LINTHICUM, Md., April 8, 2016 /PRNewswire-USNewswire/ -- Nearly 30 percent of the 11,990 practicing urologists in the United States are delaying retirement until at least 71 years of age, compared to 22.7 percent a year ago. According to the American Urological Association's (AUA) 2015 Annual Census, more than 3,400 urologists plan to fully retire after the age of 70, an increase from the 2,500 who reported the same just one year ago. These findings further confirm existing data demonstrating the aging population's increasing demand, and potential impact, on the overall urology workforce.
The AUA Annual Census presents a comprehensive portrayal of the urologic workforce in the United States, with analysis published in the 2015 report, The State of the Urology Workforce and Practice in the United States, which also includes up-to-date information about urologist demographics, workforce characteristics and practice patterns. Census findings are based on weighted responses from the 2,057 practicing U.S. urologists (that represent the entire U.S. practicing urologist workforce) who completed the census instrument.
Additional key findings from the AUA Census include:
- More than half of practicing urologists are over the age of 55, and nearly 28 percent are aged 65 years or older.
- Most practicing urologists in the United States are certified by the American Board of Urology, the American Osteopathic Board of Surgery, or both.
- Approximately 1,000 of the 11,990 total number of practicing urologists are women.
- Nearly 30 percent of practicing urologists have been practicing for more than 30 years.
- Nationally, the urologist-to-patient ratio is 3.7 per 100,000 people, but ratios vary, depending on geographic location.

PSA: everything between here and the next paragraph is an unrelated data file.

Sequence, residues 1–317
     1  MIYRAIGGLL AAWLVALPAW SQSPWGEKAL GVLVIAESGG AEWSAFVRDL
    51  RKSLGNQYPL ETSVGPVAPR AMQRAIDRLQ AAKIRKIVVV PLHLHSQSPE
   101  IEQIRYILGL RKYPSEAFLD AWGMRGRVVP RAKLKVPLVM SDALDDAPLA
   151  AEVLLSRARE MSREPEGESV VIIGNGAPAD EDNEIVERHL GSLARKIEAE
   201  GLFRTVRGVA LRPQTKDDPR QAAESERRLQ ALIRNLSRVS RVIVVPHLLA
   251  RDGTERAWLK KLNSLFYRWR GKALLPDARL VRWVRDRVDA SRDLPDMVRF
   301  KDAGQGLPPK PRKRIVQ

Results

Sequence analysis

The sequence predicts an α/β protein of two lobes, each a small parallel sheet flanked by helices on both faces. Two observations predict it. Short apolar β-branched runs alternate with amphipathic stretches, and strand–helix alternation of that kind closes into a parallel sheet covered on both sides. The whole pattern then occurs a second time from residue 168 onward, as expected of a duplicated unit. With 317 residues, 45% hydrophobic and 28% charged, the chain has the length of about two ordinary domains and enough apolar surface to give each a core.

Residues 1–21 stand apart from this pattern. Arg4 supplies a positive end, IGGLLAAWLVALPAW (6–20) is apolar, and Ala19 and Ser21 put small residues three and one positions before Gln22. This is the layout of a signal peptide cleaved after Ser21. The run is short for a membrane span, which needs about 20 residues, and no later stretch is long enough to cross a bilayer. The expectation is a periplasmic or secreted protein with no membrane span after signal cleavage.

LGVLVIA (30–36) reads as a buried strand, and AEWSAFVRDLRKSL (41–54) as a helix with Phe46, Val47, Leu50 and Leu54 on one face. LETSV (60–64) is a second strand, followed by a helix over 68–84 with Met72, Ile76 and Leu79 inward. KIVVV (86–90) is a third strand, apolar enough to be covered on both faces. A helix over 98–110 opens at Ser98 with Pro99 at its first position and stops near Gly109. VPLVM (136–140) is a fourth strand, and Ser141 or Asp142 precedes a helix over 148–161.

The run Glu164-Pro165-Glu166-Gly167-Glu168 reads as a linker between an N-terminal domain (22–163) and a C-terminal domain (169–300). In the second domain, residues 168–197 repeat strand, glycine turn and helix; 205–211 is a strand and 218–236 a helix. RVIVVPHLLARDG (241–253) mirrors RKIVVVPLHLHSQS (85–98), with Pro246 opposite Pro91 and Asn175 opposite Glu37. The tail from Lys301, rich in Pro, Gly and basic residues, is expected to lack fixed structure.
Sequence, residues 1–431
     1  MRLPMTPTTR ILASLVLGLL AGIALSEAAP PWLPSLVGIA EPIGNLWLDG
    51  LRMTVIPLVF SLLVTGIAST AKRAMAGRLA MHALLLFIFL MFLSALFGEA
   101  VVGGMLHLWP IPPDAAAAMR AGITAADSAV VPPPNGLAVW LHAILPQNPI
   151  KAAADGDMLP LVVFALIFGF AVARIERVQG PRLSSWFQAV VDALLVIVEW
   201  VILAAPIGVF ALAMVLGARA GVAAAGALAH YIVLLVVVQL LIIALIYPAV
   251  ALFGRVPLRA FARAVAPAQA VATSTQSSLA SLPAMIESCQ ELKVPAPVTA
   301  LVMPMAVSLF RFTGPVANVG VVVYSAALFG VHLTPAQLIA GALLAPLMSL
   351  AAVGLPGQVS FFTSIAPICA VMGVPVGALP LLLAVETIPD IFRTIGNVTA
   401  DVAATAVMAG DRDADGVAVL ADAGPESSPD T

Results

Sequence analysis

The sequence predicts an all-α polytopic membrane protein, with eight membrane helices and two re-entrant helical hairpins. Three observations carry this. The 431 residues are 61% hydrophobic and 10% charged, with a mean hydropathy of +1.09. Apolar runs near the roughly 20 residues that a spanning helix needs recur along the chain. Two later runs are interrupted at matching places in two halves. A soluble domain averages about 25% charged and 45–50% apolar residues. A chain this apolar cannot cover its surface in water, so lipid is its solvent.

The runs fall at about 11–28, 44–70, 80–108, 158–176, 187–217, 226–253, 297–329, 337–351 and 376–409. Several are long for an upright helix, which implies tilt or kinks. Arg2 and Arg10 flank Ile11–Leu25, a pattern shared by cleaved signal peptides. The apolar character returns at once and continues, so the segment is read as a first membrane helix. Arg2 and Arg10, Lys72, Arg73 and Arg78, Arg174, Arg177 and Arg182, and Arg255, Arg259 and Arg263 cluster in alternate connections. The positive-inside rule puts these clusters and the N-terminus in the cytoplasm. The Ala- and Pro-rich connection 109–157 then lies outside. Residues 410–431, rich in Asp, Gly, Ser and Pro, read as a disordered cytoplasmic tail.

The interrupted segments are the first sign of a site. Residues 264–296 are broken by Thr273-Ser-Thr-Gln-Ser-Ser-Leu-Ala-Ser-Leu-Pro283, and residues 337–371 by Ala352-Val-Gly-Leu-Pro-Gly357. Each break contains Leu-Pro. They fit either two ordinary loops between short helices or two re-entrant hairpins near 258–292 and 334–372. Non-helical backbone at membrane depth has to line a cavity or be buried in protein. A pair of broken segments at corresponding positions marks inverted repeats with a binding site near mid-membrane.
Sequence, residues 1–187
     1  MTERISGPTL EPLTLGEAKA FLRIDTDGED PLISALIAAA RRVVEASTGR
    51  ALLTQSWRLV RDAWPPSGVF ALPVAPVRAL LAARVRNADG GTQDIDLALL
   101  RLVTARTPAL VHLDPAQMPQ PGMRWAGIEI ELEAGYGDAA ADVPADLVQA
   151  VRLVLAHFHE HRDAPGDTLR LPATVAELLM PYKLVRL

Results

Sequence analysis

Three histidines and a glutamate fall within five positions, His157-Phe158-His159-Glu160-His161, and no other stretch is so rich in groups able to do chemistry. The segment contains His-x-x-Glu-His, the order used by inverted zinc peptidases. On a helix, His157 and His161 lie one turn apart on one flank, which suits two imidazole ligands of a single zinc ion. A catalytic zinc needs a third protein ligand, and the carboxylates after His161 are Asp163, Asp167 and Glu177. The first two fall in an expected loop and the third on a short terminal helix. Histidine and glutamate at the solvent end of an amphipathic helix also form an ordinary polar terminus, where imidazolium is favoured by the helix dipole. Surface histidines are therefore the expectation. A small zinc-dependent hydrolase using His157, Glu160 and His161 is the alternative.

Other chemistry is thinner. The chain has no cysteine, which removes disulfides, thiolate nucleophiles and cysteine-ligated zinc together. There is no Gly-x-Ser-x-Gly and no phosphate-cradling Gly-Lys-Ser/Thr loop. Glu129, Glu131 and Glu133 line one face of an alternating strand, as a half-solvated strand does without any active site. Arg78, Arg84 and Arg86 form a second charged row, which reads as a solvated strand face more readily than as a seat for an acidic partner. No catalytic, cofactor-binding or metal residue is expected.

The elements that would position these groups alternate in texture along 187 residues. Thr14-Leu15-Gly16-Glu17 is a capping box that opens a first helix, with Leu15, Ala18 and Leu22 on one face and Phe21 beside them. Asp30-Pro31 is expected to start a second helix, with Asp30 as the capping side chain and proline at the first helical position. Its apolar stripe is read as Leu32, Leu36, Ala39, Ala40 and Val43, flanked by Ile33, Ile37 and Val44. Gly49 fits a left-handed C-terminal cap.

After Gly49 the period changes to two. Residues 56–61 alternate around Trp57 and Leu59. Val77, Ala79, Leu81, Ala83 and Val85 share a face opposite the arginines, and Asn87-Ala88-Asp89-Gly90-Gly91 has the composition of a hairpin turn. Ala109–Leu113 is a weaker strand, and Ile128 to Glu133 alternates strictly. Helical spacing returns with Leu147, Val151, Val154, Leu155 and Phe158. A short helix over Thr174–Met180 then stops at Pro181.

- The states with the highest number of practicing urologists include California, Florida, New York and Texas. Wyoming has the lowest number of practicing urologists.
- Total number of counties without a urologist increased from 62.2 percent in 2014 to 63.6 percent in 2015.
- Approximately 63 percent of practicing urologists in the United States work in private practice; while 36 percent practice in institutional settings such as hospitals or academic medical centers. Of the group in private practice, more than half (55.1 percent) belong to single urology specialty groups and 26.4 percent belong to multispecialty groups.
- Approximately 41 percent of urology practices experience difficulty filling urologist vacancies.
- Nearly 36 percent of U.S. practicing urologists have completed supplemental fellowship training, with 9.2 percent completing two or more fellowships. More urologists report fellowship training in oncology than in any other subspecialty area of study.
"While the differences between this year's Census data and the 2014 Census data are subtle, the changes are beginning to signal trends to monitor," said AUA Data Committee Chairman J. Quentin Clemens, MD. "These newest data certainly reflect an aging workforce and population, as well as the potential crisis related to limited access to urologists in future years, especially in rural areas."
Copies of the full report can be found on the AUA Web site at www.AUAnet.org/CensusReport.
About the American Urological Association: Founded in 1902 and headquartered near Baltimore, Maryland, the American Urological Association is a leading advocate for the specialty of urology, and has more than 21,000 members throughout the world. The AUA is a premier urologic association, providing invaluable support to the urologic community as it pursues its mission of fostering the highest standards of urologic care through education, research and the formulation of health policy.
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SOURCE American Urological Association